GREENVILLE, N.C. (WNCT) – Kill Devil Hills musician Ruth Wyand is a trailblazing singer and songwriter who uses a melting pot of styles mostly incorporating fingerpicking and bottleneck slide into her original work.

She is an insightful storyteller who tells relatable stories with great skillful guitar playing and genuine lyrics that listeners can’t help but toe-tap to. Wyand has played all over the place, from bars to theatres influenced by some of music’s best contributors from Rosetta Tharpe, Nina Simone, Billie Holiday to Doc Watson.

Wyand’s sound is all her own, and she will tell you it was 100 years ago when she became a musician.

Along with her great sense of humor comes an electrifying eclectic style from different genres. In her words, the Paranoia Street singer shares with us the music which influenced her sound. As you tune into this conversation you will hear her heart on the strings of the guitar.

So, can you tell us a story about your background and how you became a musician?

“Well, it was about 100 years ago. Now, I started playing when I was in elementary school and there was a program that gave the school some instruments. A local music store gave the school some instruments and at that time I got a flute to play the boys got the guitars and the girls got the flutes and clarinets. So, eventually, I ended up getting a guitar and I started taking lessons and you know I just kept it up the whole way.

“I have just been experimenting with so many different genres of music American music styles my whole life. I started out very interested in jazz and blues and just all kinds of roots music I love. I call myself an orange-haired musicologist because I love reading bios and biographies about musicians, especially women musicians, jazz and blues musicians. You know I just try to read as much history about our own musical heritage or are you know our American music that I love so you know I try to play as much as I can.”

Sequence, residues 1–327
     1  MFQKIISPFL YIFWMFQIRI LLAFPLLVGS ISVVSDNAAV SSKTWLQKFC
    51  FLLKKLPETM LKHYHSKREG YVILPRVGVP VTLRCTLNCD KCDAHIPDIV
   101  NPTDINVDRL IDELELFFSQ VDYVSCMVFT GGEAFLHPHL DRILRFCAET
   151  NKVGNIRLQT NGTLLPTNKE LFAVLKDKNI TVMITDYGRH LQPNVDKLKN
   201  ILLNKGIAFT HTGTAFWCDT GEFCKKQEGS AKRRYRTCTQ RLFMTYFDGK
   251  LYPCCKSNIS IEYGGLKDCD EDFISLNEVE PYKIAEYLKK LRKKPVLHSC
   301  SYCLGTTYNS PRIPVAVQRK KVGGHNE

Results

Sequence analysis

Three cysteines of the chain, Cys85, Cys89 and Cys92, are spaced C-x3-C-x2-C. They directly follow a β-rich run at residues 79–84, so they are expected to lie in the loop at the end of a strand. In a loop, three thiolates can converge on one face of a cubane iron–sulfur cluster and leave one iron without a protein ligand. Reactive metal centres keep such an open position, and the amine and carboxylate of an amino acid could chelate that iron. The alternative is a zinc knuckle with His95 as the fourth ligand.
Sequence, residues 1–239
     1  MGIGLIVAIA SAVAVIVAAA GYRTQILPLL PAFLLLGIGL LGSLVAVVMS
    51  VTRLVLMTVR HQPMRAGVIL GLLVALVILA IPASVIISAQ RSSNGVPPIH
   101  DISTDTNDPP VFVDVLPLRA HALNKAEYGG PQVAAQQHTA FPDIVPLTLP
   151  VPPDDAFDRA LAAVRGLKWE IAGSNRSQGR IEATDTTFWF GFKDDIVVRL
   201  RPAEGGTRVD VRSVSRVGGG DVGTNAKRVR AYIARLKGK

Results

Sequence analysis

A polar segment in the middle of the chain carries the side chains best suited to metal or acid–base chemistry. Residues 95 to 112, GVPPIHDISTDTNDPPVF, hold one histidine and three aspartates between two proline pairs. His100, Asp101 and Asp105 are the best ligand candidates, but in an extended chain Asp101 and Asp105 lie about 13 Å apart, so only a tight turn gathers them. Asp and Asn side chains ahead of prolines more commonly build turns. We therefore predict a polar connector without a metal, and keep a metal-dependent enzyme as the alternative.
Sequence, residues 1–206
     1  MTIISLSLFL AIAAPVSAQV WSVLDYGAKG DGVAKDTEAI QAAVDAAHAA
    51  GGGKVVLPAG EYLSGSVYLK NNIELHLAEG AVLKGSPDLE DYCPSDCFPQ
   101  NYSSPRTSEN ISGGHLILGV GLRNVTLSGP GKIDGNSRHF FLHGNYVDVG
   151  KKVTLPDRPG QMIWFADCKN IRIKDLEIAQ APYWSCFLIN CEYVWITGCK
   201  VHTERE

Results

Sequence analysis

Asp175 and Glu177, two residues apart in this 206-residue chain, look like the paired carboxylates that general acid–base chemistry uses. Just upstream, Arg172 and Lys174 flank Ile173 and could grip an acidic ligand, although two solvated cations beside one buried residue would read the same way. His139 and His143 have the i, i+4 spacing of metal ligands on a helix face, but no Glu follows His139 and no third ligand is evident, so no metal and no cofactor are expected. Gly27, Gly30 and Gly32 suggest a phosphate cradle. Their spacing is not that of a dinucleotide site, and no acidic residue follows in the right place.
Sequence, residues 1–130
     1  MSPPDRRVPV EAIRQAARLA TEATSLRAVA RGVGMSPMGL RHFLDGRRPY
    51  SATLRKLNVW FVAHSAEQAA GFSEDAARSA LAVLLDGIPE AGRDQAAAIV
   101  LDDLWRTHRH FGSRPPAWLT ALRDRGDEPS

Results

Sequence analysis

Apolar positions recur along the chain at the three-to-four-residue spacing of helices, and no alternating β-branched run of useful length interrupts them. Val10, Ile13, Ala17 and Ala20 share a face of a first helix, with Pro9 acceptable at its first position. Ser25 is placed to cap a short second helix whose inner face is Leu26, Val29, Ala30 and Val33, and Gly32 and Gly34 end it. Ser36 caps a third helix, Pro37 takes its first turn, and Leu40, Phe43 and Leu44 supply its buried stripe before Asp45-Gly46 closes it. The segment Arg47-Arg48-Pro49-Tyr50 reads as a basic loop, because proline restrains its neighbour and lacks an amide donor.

Is there a blues musician that you absolutely love and is there one that stands out to you in particular?

“Yeah, mainly Matthis Minnie and Sister Rosetta Tharpe have been major influences on me on my playing and their life stories and I love their music.”

So, every song you perform do you write all of your music?

“I do write, I do perform some traditional blues and jazz songs and, you know I just kind of run the gimmick of you know probably about 70% of original songs and then throw in some covers.”

Is there a favorite song of yours that’s like from back in the day from your favorite musician that you just absolutely love to play?

“There’s a song I love to sing and I try to open up my shows with it because it’s a good guitar warm-up and a good vocal warm-up for me. It’s “Nobody’s fault but mine” it’s one of the ones that make everything flow. I know Nina Simone has sung so many people out there have sung it but the one that sticks to me is the one Nina Simone’s version of it.”

How do you write your songs?

“Well, I usually start out writing a guitar part and then the lyrics come later. I mean that’s probably about 95% of the way I write it’s very rare that I have a subject that I want to write about because it comes to me musically rather than you know I’m not gonna walk down the street and say I wanna write a song about you know a store or something I just, it comes to me musically rather than a story and then usually the story comes from the music whether its something that brings back a memory and then you know that becomes the story.”

How would you describe your style and define a melting pot of styles? and What is your style of guitar playing?

“Well, it’s there’s a style called Piedmont Picking it’s uh thumb style type where the thumb does a base runs, and then your picking with your hand with your other fingers and so it’s a cross-genre of like Piedmont blues picking and there’s kind of a banjo style called claw hammer. It’s old, I wouldn’t say it’s an old bluegrass technique but bluegrass has its opposite but it’s an old technique for banjo so I incorporate the Piedmont thumb picking with the claw hammer banjo and I also play bottleneck slide guitar with the slide which is a bottleneck.”

Do you tune your instruments according to what you’re getting ready to play at the time?

“Yeah, and sometimes it kind of convenient to you know, like if I’m doing a show and my husband is able to come with me I can bring like 3 or 4 or 5 guitars with me so I can have them all you know pre-tuned so I don’t have to be on stage and tune. But, if I’m by myself I usually maybe can take 2 or 3 maybe depends on the venue but then I’m always tuning because you know I probably go through about 8 tunings in a show.”